without writer’sconsent cmc-6 institute (the dance ofthe fearsome gods, or wrathftd dance). ......

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  • CMC-6

    INSTITUTE OF CURRENT WORLD AFFAIRS

    NoT FOR PUBLICATIONWITHOUT WRITERS CONSENT

    Festivals and families ofthe Phobjikha valley

    Thimphu, BhutanFall 1994

    Mr. Peter B. MartinInstitute of Current World Affairs4 W. Wheelock StreetHanover, New Hampshire 03755

    Dear Peter,

    "It is considered good luck to be tapped on thehead", my friend, Tshewang Wangchuk, explains tome; as we watch dancers, each armed with a curveddrum stick in one hand, and a dram in the other,move through the neatly arranged rows 0f theonlookers who are sitting on the stone courtyard ofGangtey Gonpa (monastery). Approximately tenmasked men, hurriedly race about the courtyardtapping everyone within their reach. On the balls oftheir feet, they nm up the stairs to bless those of ussitting in the monastetys many balconies. Children,who scrunch down and hunch over, with their eyestightly closed as the stick descends upon their heads,screech with joy after the touch. They have beenwaiting for this moment for the past two days.

    This is the dance of the Ging and the Tsholing, oneof the ritual dances of the Gangtey Tshechu. TheTsholing are wrathful deities. The Cfing, attendantsto the Gum Rinpoche, an important religious figurein Bhutan, chase the Tsholing away and beat theirlarge dnm, called nga, to proclaim their victory [1].The Ging then tap spectators on their heads to driveaway their impurities. This dance takes phce on thethird, and final day, of the Tshechu.

    A dancer, portraying a Ging, with his sightsset on me, peers around the corner of thebalcony door

    Cynthia Caron is a John M. Musser Memorial Fellow ofthe Institute studying nature conservationin South Asia

    Since 1925 the Institute of Current World Affairs (the Crane-Rogers Foundation) has provided long-term fellowships toenable outstanding young adults to live outside the United States and write about international areas and issues. Endowedby the late Charles R. Crane, the Institute is also supported by contributions from like-minded individuals and foundations.

  • CMC-6 2

    The Tshechu is an annual religious festival celebrated in the Phobjikha valley during the month ofSeptember. Tshechu translates as the tenth day of the month [1, 2] and honors the magtfificentdeeds of Guru Rinpoche who, coincidentally, performed his deeds on the tenth day [1]. TheBhutanese follow a lunar calendar so the tenth day of the month changes every year. This year,September 12th, 13th, and 14th were days of celebration. In the seasonal calendar for areasagricultural laborers, the potato hatwest finishes before the festival, and the fields are not manured,ploughed, and sown with wheat until after its completion.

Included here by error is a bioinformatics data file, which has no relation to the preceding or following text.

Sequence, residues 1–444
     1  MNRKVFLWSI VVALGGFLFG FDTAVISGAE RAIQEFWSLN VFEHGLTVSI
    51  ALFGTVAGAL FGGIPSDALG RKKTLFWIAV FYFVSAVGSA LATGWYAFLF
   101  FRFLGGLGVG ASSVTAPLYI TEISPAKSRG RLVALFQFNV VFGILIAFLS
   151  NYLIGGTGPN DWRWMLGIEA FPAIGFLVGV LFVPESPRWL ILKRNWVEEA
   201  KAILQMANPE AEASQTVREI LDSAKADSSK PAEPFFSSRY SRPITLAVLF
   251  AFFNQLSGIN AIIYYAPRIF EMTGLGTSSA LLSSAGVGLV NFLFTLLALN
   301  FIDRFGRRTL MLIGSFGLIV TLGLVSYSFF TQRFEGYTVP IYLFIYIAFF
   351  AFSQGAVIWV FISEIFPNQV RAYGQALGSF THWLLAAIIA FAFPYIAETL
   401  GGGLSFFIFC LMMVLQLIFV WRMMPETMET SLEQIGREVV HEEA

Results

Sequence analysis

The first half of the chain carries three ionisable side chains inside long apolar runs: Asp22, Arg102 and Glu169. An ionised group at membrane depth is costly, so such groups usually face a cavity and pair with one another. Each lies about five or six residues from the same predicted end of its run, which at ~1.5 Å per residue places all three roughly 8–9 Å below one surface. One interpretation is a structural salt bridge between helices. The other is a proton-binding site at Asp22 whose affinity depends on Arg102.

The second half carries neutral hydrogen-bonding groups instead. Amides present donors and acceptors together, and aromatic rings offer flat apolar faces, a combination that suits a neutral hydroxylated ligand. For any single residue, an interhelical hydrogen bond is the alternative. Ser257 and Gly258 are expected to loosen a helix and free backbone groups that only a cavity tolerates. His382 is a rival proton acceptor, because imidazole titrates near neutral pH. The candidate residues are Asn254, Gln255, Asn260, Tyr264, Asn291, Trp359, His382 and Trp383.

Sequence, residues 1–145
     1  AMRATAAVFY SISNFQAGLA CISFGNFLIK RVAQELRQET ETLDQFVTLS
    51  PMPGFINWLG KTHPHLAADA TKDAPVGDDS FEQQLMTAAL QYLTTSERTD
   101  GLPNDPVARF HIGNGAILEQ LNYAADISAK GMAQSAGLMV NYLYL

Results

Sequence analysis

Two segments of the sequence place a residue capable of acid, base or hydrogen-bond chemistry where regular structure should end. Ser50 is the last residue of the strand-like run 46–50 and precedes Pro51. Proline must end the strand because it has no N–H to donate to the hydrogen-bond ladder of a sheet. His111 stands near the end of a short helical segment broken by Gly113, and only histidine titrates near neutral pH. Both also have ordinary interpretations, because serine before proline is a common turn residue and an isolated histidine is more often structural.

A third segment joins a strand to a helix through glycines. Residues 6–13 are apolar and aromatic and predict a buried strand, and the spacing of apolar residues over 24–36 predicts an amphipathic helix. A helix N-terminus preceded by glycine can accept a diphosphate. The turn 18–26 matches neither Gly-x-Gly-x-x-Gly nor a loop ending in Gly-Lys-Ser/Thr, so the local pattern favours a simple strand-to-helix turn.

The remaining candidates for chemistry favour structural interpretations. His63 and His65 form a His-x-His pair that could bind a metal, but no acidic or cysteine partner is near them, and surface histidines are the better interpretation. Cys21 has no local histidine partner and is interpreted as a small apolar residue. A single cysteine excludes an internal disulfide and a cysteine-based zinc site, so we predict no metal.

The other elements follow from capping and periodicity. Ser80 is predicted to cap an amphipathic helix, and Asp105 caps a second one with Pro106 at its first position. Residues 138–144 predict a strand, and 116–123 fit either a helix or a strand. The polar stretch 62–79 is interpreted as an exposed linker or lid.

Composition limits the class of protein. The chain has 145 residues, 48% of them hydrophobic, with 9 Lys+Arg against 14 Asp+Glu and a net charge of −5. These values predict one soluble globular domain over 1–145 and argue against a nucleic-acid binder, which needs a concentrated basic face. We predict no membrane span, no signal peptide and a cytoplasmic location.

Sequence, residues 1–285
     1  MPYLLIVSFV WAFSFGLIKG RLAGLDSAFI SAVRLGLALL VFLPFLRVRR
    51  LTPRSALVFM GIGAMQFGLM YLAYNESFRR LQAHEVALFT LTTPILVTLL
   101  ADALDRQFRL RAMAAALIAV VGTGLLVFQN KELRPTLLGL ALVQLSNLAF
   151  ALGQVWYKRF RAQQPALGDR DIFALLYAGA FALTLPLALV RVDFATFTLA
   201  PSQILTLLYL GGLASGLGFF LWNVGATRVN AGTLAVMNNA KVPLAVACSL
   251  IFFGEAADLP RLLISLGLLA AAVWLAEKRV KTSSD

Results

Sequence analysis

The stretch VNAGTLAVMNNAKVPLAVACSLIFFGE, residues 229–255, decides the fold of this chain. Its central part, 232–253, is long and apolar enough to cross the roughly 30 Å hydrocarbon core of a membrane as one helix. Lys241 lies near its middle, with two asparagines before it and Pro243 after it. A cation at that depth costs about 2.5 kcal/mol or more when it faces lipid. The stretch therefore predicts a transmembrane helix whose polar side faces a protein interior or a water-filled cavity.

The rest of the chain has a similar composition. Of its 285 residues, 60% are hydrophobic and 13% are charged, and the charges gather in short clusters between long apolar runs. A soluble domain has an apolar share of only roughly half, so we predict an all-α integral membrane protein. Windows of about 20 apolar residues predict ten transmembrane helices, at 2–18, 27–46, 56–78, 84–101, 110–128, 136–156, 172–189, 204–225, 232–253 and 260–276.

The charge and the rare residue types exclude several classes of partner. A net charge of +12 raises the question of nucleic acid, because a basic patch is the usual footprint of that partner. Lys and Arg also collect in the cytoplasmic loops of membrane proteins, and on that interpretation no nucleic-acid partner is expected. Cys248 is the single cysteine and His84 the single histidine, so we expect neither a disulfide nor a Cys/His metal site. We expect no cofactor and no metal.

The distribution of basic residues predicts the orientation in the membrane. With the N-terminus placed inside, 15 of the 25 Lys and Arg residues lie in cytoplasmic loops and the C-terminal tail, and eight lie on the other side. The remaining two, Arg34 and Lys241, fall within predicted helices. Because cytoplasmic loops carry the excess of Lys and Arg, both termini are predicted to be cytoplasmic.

Tshewang and I are into our second week of a land use planning and forest resource use study inPhobjikha. The valley is one of the wintering habitat for the endangered black-necked crane ( Grusnigricollis ). Ornithologists from India, Europe, and America have come to Phobjikha to study thecrane in its wintering habitat. We are investigating human beings as a component of the Phobjikhavalley ecosystem and are spending the three-day Tshechu at Gangtey with the rest of the valleysresidents.

    The Tshechu dances take place in the gonpas courtyard. The entrance to the courtyard is througha southern archway painted in red, blue, and yellor, and adorned with classical Buddhist scriptureswritten in gold. The archway is a six foot corridor with a wooden prayer wheel afed in each ofthe four comers. People attending the Tshechu sit according to gewog a group of villages, alongtho sides of, and in concentric circles converging towards the middle of the courtyard.

    Men, women and children dress in their finest garments; khos (robes for the men) and kiras (to-the-ground wraps for the women) woven of raw silk. The courtyard sparkles with the silver andgold thread of brocaded tegos (a to-the-hip jacket worn by women). (See CMC-2 for detaileddescription of the national costume) High-ranking officials cant swords to signify their status.Women wear bulky necklaces of cats eye, coral, and turquoise.

    Above this archway is a large temple, with two balconies that directly face the main monastery(Utsi) and overlook the courtyard. During religious celebrations at the gonpa, the famihes thatdonated funds to construct this temple occupy these balcony seats. An older wonmth who hasfights to this area, is a childhood friend of Tshewangs grandmother. We call her angay whichmeans grandmother Or old woman. Tshewang met her for the first time last week when we werechoosing the villages for our study. On the fLrst day ofthe Tshechu, angays eldest daughter invitedus to sit with them. Later this month, we will continue our land use study in their village.